GLOBAL LEADERS, global campus, global vision - these are phrases that you probably hear quite frequently if you live in Korea. Korea clearly strives to become a global and diverse society, for which multiculturalism is a basic yet crucial element to be considered. Whether it has truly become a multicultural society, however, still remains at question. To what extent has multiculturalism developed in Korea over the years and what will the future of a global Korean society look like?
Multiculturalism is the phenomenon where a variety of cultural groups exist in one society or nation. It is a concept opposite to that of “culturalism“ or ”mono-culturalism,“ which imply strong pride for one country’s culture that leads to the disregard, or even rejection, of other cultures. Rather, multiculturalism is an ideology that allows a society to preserve its traditional culture while also accepting other cultural backgrounds. The concept of multiculturalism was first introduced in the 1970s, in countries such as the United States and Canada, as a solution to the cultural tensions between minorities and larger cultural groups. Especially now that the world has become smaller through globalization and technology, a sudden increase in the number of interracial couples, immigrants and foreign workers around the world has formed the basis for frequent cultural interactions among different groups of people. This increase in cross-cultural interactions has led to the desirability of true multicultural societies that recognize and respect cultural differences. Multiculturalism in Korea started to take place after the 1990s, with the influx of foreign workers and the rise of international marriages. According to Grace Kang, a professor teaching intercultural communications course at Yonsei, “the Ministry of Justice classified about 932,000 foreign citizens from 184 countries as long-term residents in Korea in 2012.” The number of foreign residents is expected to rise to 3 million by 2030. Statistics from the OECD also show that among OECD countries, Korea has had the highest increase of foreign residents, marking an overall rise of 19.9% between the years 2000- 2008. According to the book Korea’s Multiculturalism , “Multiculturalism is not a fact we can ignore anymore. During the holiday seasons, the media releases articles about government institutions’ or other corporations’ involvement with international families, while TV channels air human documentaries on wives of foreign descent living in the countryside with their Korean husbands.” Big domestic companies are welcoming more foreign employees, while English hagwons , international schools and colleges prefer to hire foreign faculty over Korean nationals with the same level of fluency. Universities in Korea, including Yonsei, also strive for diversity among their student body to promote a more global campus. Even celebrities such as Sayuri, Sam Hamington, Julien Kang and various K-pop idol group members have gained popularity despite their different cultural backgrounds. It is hard to describe today’s Korean society without referring to the multiculturalism that has taken place in the past 20 years.
Yet, what’s missing?
Since a nation can be characterized as multicultural when there is cultural and ethnic diversity within its population, 21C Korea has undoubtedly become a so-called multicultural society. However, experts claim that Korea’s multiculturalism is still at its primary stage. In 2012, for example, MBC aired a show named “Think Different” with a subsection titled “The Shocking Reality about Relationships with Foreigners.” The show criticized foreigner- Korean relationships, claiming that “most of the foreign males dating Korean females disappeared without a trace in case of pregnancy, leaving all the damages and remaining losses to the Korean female victims.” This overgeneralization raised a lot of online c r i t i c i s m s about the acceptance o f multiculturalism in Seoul. Julia Bass, an English teacher in Korea posted in her blog that this “issue has everything to do with every foreigner in Korea. Each time I walk down the street and people take a second look at me, I wonder: I've seen the video, maybe they've seen it too. Do they think something is wrong with me? Am I actually unwanted in my quaint, peaceful town of Yeoju that I've come to call home for the last 10 months? I'm an outsider to them, and now I'm an outsider who is associated with messages like this one. Moreover, messages that my students will see and will affect the way they see me.” This is how, according to Oh Gyung-seok (Prof., Institute of Multicultural Studies, Hanyang Univ. ) , we claim t o favor multiculturalism on one hand, but end up scaring away the foreigners that enabled such a multicultural society. This constitutes the reality of multiculturalism in Korea. In other words, Koreans typically welcome foreigners, but seem rather uncomfortable when actually interacting with them. A survey on the national levels of multicultural acceptability in Korea, conducted in 2011 by the Korean Women’s Development Institute, showed that the Korea Multiculturalism Acceptability Inventory (KMAI) scored only 51.17 points out of 100, proving that Korea’s multiculturalism still has a long way to go. But why is it so hard for Korean society to fully embrace the concept of multiculturalism? According to Bae Moonhee (Reporter, Munhwa Journal), “there are a great number of policies and programs regarding international marriages and foreigners in Korea today. Yet we should first ponder upon whether we are excluding the foreigners from our notion of ‘multiculturalism,’ whether we are mistaking multiculturalism as a form of ‘Koreanism,’ and whether we are judging difference as wrong.” Some claim that Korean society has supported the doctrine of assimilation for a long period of time. While multiculturalism stresses the diversity of languages, cultures, religions and ethnicities as a means to promote peaceful co-existence within a society, the doctrine of assimilation uses all of the above elements as a means towards uniformity among its members. It creates a so-called melting pot of cultures, which often forcefully achieves this “unification,” by suppressing the minority and raising possible conflicts. In her article “Emergence of ‘New Citizens’ and Multiculturalism Discourse in Korea,” Kim Young-ok, a scholar at Ewha’s Korean Women’s Institute, argues that “Korea has experienced a sudden shift towards multiculturalism without any cultural preparation.” Historically, Korea has been a homogenous country that maintained a single culture for a long time. The Korean education system emphasized Korea’s preservation of a pure nation until the early 1990s, which explains the reluctance of Korean citizens in embracing multiculturalism even today. Kang also points out that “it is clear that descriptively, there is multiculturalism in Korea. However, normatively, Korea is dealing with growing diversity, but still wishes to remain as a ‘pure blood,’ ethnically homogenous society to some extent.” Jung Na-young (Soph., UIC, Political Science & Int. Relations, Yonsei Univ.) claims that the history of foreign intervention during the Japanese colonial period, and events after Korea’s independence with the split of the peninsula, the appointment of the 1st Korean President, and so on played a significant role. “This made Koreans desire a stronger hold over issues that affect them directly.” In the words of Kang, “the identity of a ‘pure blood Korean’ has eventually influenced today’s Korean individuals, overriding other identities, thus hindering the acceptance of cultural and social diversity.” Of course, foreigners also need to learn to adapt to the values and norms of Korea. However, a variety of obstacles hinders the process of acculturation – one’s adaptation to the values and norms of his new host culture – for the foreign population in Korea. “One should take a class on Confucianism before coming to Korea,” suggests Kang. “It is important to understand the virtue of social hierarchy, meritocracy, family and personal betterment to connect with Korean people more effectively. There are also social rules of conduct one ought to know beforehand to successfully adjust to Korea.” Without proper understanding, it is harder for foreigners to fully acculturate themselves in Korean society. Furthermore, the language barrier is a huge factor in slowing down the process. “Koreans have a fear of failure” says Kang. “With foreigners in particular, the fear of incorrect language u s a g e i s a m a j o r o b s t a c l e i n communication. This may derive from a psychological barrier originating from the Korean education system where stating one's opnion or giving something a try may have not always been encouraged.” According to Ji Jeong-min (Soph., UIC, International Studies, Yonsei Univ.), the use of honorific language also plays a big role in interactions within Korea. “You need to figure out the other person’s age when conversing with them. Once you get the ‘age thing’ done, then comes respect. It is such a vital cultural element in Korean society, yet difficult to understand from other cultural viewpoints. The foreigners are not accustomed to this culture.” Yet what makes it harder for foreigners to feel at home in Korea is the common prejudice and discrimination against foreigners. “The nation is multicultural, but the people aren’t,” claims Ji. “Unlike other countries in the West, Korean people only saw people with similar ‘Asian’ characteristics for quite a long time: black hair, dark eyes, similar body size, etc. Thus when they see someone different, they react immediately.” “They also stare,” says Jeong. “Staring at foreigners is too common in Korea. When someone speaks a language other than Korean or has different physical features, Koreans just stare at them as if they are seeing an alien.” According to Rhyu Sang-young (Prof., Graduate School of International Studies, Yonsei Univ.), this goes against the core values of democracy. “Democracy is all about tolerating, embracing and respecting everyone in a responsible manner” he says. “Yet the ugly side of democracy is the r e a l i t y o f 21C Korea. We often underestimate or even discriminate against our immigrants, while they are actually the ones helping us out. A lot of young Korean individuals choose to live abroad instead of in their own country. Why? Because for them, there is nothing attractive, nothing fascinating about Korea. Yet these foreigners choose to reside in our country and are willing to accept our culture. We should thus thank them instead of criticizing them and accept the fact that they are big players in our reality today.”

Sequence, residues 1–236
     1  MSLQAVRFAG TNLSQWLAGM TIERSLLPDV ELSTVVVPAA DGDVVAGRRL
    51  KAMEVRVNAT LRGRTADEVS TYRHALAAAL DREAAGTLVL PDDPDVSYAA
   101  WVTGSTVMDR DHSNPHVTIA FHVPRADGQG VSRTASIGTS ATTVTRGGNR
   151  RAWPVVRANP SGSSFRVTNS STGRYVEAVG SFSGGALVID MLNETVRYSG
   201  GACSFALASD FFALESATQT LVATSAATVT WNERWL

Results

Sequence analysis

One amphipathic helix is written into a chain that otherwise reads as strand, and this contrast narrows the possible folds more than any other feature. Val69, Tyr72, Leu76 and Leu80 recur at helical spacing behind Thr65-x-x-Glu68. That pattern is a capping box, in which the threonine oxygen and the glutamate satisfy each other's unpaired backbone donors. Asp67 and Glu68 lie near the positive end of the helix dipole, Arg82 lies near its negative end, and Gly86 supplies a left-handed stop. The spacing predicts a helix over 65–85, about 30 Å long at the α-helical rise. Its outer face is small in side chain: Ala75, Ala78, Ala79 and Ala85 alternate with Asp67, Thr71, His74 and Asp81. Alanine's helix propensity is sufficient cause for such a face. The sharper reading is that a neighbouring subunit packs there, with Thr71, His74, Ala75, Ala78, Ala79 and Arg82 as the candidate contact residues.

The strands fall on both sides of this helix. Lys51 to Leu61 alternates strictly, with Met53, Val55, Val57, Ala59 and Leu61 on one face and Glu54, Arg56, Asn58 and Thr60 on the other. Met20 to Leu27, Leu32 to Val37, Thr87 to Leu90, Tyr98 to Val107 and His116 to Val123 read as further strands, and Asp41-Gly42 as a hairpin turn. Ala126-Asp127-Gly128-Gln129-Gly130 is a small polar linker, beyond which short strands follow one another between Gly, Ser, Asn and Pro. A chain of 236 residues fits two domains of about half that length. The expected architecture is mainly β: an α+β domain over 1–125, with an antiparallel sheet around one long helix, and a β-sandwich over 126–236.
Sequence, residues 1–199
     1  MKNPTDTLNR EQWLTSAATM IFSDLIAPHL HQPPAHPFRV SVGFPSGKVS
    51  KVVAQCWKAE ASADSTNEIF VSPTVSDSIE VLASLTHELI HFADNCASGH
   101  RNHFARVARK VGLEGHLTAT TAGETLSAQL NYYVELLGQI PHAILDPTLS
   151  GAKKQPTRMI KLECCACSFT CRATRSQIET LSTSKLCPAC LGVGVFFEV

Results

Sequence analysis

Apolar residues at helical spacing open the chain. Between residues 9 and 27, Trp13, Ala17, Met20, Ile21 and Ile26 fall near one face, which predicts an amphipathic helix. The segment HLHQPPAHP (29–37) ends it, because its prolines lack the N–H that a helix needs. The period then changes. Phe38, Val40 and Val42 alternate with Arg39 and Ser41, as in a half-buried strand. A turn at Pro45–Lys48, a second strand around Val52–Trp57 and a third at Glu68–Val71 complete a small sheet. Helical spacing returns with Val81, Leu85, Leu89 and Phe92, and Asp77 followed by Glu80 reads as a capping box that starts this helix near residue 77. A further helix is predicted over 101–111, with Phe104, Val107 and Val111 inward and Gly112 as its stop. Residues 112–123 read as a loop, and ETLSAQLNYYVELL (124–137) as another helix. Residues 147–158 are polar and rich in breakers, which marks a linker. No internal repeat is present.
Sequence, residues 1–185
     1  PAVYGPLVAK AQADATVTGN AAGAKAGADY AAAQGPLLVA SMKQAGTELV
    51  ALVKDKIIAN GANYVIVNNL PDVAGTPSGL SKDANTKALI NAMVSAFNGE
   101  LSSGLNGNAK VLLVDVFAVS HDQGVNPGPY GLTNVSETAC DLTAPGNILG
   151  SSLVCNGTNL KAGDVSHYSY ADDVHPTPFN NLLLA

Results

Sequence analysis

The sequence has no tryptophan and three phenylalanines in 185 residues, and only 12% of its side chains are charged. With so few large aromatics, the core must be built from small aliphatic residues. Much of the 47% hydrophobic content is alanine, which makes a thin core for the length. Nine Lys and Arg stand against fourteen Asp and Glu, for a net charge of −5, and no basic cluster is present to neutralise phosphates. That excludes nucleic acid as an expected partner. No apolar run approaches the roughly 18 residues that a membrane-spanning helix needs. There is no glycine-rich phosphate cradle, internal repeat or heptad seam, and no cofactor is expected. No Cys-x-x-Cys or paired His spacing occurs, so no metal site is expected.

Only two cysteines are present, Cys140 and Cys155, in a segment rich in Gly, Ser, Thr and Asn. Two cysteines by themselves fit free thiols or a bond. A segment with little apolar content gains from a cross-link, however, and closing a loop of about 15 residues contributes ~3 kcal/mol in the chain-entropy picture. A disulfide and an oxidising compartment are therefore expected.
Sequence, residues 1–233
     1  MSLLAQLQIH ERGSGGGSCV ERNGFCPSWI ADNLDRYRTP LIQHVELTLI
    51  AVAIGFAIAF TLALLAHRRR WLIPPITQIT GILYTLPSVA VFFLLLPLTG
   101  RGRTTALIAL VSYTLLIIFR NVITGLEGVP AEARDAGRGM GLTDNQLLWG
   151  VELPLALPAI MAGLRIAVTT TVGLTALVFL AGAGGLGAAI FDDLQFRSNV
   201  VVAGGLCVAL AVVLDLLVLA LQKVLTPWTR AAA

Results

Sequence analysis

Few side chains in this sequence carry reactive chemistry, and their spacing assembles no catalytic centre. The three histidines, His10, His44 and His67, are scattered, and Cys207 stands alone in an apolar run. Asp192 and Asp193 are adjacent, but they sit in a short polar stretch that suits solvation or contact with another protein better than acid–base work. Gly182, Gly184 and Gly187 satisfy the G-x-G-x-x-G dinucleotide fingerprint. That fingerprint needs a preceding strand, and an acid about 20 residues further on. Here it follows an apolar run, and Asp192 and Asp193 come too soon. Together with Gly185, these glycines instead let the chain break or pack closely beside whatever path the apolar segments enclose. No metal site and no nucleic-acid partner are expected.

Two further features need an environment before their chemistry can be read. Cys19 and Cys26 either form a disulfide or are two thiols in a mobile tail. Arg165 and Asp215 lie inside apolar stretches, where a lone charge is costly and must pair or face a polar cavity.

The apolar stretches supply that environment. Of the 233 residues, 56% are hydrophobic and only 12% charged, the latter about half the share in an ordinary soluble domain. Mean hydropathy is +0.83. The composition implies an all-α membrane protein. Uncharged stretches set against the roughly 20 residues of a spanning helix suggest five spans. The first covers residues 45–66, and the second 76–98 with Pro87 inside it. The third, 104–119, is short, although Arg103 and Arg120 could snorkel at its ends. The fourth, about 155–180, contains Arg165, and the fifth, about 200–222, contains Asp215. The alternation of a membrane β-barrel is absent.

Embracing multiculturalism in Korea
Then how can a more effective and tangible form of multiculturalism in Korea be reached in the future? Scholars often point out to the “salad bowl” case of the United States as a form of successful multiculturalism with several hints for other countries to follow. As the name itself indicates, this form of multiculturalism allows a variety of cultural groups to coexist within a single society while preserving their own identity and unique cultural characteristics, just as different ingredients are mixed in a salad bowl without losing their taste or color. In other words, this salad bowl of cultures is a paradigm of society which allows the mingling of juxtaposing cultural elements without being forced to conform to a single cultural standard. The residents of New York City, for instance, feel at home in the United States, and are eventually willing to become New Yorkers themselves, and form their own American dream during their stay in America. Other major cities, including Seoul, should also create a second home for the foreigners by introducing them to the culture and language. As follows, it is time that Korea develops a salad bowl of its own that will generate an environment that allows foreigners to slowly familiarize themselves with Korean culture. Multiculturalism has now become a form of reality within Korean society, and the need for a basis of political, societal, economic, cultural and educational policies along with a philosophical and ideological background are crucial in establishing a healthy society. For this to happen, a change of mindset is required at the national, local and individual levels. The government should make laws and policies protecting minority rights, while promoting educational p r o g r ams a b o u t t h e b e a u ty o f multiculturalism. “It does not matter whether something is made in the United States by a Korean firm, or made in Korea by a U.S. firm. This is the mindset we need in the globalized society. We should not seek a form of ethnic nationalism, but pure nationalism,” says Rhyu. At the individual level, we must learn to show respect and understanding toward c u l t u r e s t h a t a r e d i f f e r e n t and acknowledge them instead of judging them for being different. In the words of Lee Gilyeon (Director, Research Institute of Multiculturalism i n Korea), “We should make a distinction between difference and differentiation. Difference is a concept that simply exists, without harming any of the parties involved, like the difference of gender, race, height or age. Differentiation, on the other hand, compares and ranks two or more parties according to subjective objectives. We should not differentiate people because they are different, since differentiation might eventually become a means of attacking or even harming the other.”
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A true global society is one that truly embraces multiculturalism, a place where diversity is encouraged and respect towards the other does not require second thought. The peaceful coexistence of different cultures will eventually make a society global and ready to be integrated on a more international level. As Donzella Michel Malone once said, “Celebrate diversity, practice acceptance, and may we all choose peaceful options to conflict.”